November 1

Why Weak People Should Enter A Powerlifting Competition, NOW.

5/5 - (1 vote)


I’m 46% stronger now than when I did my first competition 10 years ago.

Back then, I was supremely lucky.

See, I didn’t want to compete. I wanted to wait until I could win something.

I wanted to at least not be last in my class, and I wanted to be able to mix it with the big boys at the time….

….I was only 19 years old, so cut me some slack.

I thought everyone at these comps was gonna be some big weight eating monster, since that’s what I was used to seeing online.

(I didn’t realise what I saw online wasn’t real life!!)

It surprised the hell outta me to see young and old people competing, guys and gals, strong and weak, skinny and overweight, AND an even bigger mix of people in the crowd supporting the lifters. Powerlifting is not what you think it is.

Pat Reeves, a British lady still kicking ass in her 70s
Pat Reeves, a British lady still kicking ass in her 70s

You think powerlifting is a sport where stronger muscular people compete against other strong and muscular people with perfect technique in a show of macho bravado.

BUT powerlifting is actually a sport where people from all walks of life, who just want to be a little bit better today than they were yesterday, come together and hang out at a competition to compete against themselves.

The only numbers that matters are your own. In 10+ years of powerlifting I have NEVER heard someone “he / she is too weak to be on the platform, they’re embarrassing themselves”.

It simply doesn’t happen. And if it did, they’d receive the butt of my palm squre in the middle of their nose.

The number one reason why “weak” people (and I’m using that term because it’s how they define themselves) should compete in a powerlifting comp is because it will make them strong fast.

It will reframe exactly what is possible.

I saw a 63kg girl I know doing a 165kg deadlift yesterday.

I know quite a large number of guys who get freaked out by that number.

Heavy is relative to how strong you are now, but once you begin to reframe what “heavy” means to you by seeing other ‘normal’ people do the same, it opens your mind and gives you the confidence to go after it too.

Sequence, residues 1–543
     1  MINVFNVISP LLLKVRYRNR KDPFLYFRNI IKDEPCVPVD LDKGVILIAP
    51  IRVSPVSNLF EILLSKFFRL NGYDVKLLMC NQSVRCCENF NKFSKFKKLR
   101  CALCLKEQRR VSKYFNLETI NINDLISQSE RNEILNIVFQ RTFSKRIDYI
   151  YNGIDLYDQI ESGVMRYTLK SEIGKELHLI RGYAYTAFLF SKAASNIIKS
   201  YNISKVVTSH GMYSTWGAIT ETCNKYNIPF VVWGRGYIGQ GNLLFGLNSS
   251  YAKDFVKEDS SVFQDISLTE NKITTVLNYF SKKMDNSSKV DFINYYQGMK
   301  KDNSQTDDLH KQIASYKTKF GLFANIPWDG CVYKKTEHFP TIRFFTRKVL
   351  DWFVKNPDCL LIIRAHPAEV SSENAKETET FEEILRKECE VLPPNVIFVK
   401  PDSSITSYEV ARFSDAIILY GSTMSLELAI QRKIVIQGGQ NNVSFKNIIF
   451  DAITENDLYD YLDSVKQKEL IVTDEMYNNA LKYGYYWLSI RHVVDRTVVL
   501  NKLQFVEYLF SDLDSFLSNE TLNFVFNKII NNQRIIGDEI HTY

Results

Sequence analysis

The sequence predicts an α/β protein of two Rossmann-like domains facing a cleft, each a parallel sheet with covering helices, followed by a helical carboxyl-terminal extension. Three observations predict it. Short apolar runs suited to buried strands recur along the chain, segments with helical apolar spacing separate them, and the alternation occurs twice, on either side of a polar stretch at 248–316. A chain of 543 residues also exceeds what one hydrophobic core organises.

Having a competition to train for will take your training to the next level as well – think back to school or college, nothing focused the mind and creates a lot of output fast like a deadline. And that’s all a competition is.

It’s a deadline to evaluate your last “X” weeks and months of training. We do them every quarter in the gym for our members, and many will go on to compete in IrishPowerlifting Federation events around the same time.

It’s about 7 weeks until our next in house comp. Typically, over that time period beginners will see anywhere up to a 25% increase in their strength levels while training with us. It happens fast because at the start of your training cycle we do a series of movement and strength tests to determine your biggest weaknesses.

From there, we attack them like a horny kangaroo. You’ll be coached in a small group thru every session (3-4x per week) for the next 7 weeks, and at the end you’ll get to see exactly how much stronger you’ve gotten.

Our next in house comp is 17th December 2016.

You can start today if you reply to this email before 3pm. We’ll get your private intro and strength test done tonight, and figure out your training times for the rest of the week from there.

(if you’re reading this on facebook, or our blog, just click here to email me directly)

And if you want to find out a bit more about powerlifting, read my series on it here:

Things To Know Before Starting Powerlifting

The Gear You Need To Compete In Powerlifting

How To Enter A Powerlifting Competition

PS – it’s just €38.75 per week for 3-4x semi private personal training sessions each week, along with all the nutrition support you need, regular body fat tests and free entry to any RevFit In house comps – you don’t even need special gear to compete in our members competitions, just a tee and shorts 🙂

TL;DR – join a gym, enter a powerlifting comp, I don’t care how little you lift, and neither does anyone else, just get stronger


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